Element Facts Lead

Lead is classified as one of the “other metals.” All of the other metals have qualities of malleability and ductility. They are similar to the transition elements, but do not have varying oxidation states, and their valence electrons only exist in their outer shells. The other metals are solid and dense. Lead, of period 6, group 14, is atomic number 82. Humans have been aware of lead since ancient times, and it has had and still has numerous uses today. Lead and its compounds are poisonous in large quantities as well as prolonged exposure to small quantities because it builds up in the body.

The ancient Greeks and Romans were very familiar with lead, but it is unknown who exactly discovered it. It has been mined for more than 6,000 years. It was originally known as “plumbum” to the Romans, which translated means “waterworks,” and it is also the origin of the word “plumbing.” Plumbum is the source of the atomic symbol, Pb. The Romans used lead to make their water pipes without being aware of the deadly heavy metal poisoning lead invariably causes. They distinguished two types of lead: black lead, or “plumbum nigrum,” and white lead, or “plumbum album,” which was actually tin. Tin is very similar to lead, as it is also one of the other metals and sits above lead on the periodic table. In addition to plumbing, lead was also used for statues, coins and eating utensils. The modern word lead is derived from the Anglo-Saxon word “lead,” simply meaning metal.

Lead is sometimes found free in nature, but is most often obtained from ores like galena (PbS), anglesite (PbSO4), cerussite (PbCO3), and minum (Pb3O4). Lead is separated from the ores by roasting them in hot air. There are thirty-five isotopes of lead, with mass numbers 181 to 215. Naturally occurring lead is composed of a mixture of the four most common isotopes: Pb-204, Pb-206, Pb-207 and Pb-208. Around one-third of the lead used in the United States comes from recycling previously used lead, rather than mining. When freshly cut, lead displays a bright shiny quality and a bluish-gray color. It tarnishes slowly in air to a dull gray.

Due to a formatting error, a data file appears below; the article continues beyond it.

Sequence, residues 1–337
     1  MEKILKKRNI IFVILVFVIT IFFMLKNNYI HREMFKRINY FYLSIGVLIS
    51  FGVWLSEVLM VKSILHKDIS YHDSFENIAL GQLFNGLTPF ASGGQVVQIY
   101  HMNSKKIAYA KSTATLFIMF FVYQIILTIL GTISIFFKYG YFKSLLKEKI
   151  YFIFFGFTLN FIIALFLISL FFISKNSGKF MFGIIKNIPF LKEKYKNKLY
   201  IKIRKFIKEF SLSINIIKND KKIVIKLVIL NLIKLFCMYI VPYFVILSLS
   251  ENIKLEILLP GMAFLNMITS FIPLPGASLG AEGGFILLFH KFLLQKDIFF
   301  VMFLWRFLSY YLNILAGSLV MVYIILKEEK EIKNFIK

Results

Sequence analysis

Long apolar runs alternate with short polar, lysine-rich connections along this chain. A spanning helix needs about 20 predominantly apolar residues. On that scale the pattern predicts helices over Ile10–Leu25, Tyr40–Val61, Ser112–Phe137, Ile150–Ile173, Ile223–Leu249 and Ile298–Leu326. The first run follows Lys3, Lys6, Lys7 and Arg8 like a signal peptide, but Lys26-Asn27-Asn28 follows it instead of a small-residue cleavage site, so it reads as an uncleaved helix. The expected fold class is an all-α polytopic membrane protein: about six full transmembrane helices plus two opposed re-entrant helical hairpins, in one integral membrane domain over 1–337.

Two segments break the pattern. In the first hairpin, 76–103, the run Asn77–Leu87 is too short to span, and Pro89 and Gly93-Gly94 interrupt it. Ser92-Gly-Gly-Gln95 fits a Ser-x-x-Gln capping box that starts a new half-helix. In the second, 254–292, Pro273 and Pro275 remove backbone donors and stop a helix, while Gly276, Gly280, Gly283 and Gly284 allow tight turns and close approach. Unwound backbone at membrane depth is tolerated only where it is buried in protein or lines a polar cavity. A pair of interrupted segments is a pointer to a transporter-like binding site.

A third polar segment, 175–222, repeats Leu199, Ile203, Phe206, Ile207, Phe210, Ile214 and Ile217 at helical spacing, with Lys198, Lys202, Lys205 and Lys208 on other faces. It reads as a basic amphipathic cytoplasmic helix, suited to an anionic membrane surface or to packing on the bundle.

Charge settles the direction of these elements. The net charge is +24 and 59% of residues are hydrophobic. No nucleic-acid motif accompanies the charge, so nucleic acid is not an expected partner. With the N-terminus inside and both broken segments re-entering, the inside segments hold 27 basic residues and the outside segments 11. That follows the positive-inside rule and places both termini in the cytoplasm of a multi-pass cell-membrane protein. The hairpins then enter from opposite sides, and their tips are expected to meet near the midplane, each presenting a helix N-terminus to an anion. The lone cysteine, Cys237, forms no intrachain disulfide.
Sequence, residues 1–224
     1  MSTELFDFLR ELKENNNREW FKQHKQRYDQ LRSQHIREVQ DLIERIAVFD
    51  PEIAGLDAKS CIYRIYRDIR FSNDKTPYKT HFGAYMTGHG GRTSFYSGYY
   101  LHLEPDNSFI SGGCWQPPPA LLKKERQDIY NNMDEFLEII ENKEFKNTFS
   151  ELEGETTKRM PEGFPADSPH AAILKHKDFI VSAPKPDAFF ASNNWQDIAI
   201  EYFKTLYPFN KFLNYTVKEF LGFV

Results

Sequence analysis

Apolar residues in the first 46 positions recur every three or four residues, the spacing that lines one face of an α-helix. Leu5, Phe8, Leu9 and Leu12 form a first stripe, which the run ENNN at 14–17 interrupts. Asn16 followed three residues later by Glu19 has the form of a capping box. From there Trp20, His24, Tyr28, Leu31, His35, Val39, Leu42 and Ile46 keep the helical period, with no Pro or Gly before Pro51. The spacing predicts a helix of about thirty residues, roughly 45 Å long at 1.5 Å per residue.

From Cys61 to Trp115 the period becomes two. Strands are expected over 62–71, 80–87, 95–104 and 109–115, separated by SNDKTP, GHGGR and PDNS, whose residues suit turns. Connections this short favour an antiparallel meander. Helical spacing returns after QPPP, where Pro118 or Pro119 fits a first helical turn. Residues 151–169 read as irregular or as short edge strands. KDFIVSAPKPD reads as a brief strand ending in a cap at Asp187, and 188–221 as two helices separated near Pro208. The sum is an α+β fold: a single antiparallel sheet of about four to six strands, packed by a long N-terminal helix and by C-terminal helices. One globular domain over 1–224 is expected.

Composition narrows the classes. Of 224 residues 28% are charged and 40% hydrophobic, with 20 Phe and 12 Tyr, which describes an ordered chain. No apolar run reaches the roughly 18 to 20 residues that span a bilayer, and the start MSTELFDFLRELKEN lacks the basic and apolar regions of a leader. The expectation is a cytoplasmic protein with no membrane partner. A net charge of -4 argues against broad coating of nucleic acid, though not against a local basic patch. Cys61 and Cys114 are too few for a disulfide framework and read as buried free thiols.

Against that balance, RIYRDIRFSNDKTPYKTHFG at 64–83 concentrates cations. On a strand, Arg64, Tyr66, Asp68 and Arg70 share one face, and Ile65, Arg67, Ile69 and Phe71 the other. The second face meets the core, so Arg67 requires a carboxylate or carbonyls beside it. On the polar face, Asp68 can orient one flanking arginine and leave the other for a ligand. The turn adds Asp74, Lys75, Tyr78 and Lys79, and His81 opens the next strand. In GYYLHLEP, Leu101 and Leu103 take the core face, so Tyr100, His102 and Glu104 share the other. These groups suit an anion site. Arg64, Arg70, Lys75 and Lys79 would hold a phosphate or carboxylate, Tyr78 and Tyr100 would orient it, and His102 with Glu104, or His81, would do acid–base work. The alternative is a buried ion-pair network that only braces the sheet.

The high density of lead makes it a good shield against X-ray and gamma radiation, so it is used in protective suits in the presence of X-ray machines and in nuclear reactors. Lead is used to line containers of corrosive liquids and also to protect wires from corrosion. It can be used to absorb sound vibrations and is also commonly used in the manufacture of ammunition.

The vast majority of lead is used in lead-acid storage batteries, like those found in automobiles, because it is a poor conductor of electricity. Solder is a common alloy of lead and tin. It has a low melting point and is used to join electrical and metal components. Type metal, made of lead, tin and antimony, is used to make plates for printing presses. There is also a number of lead compounds. Litharge (PbO) is used to make lead crystal and flint glass, which are involved in the hardening of rubber. Litharge also appeared in the infamous lead paints that were previously common and now illegal.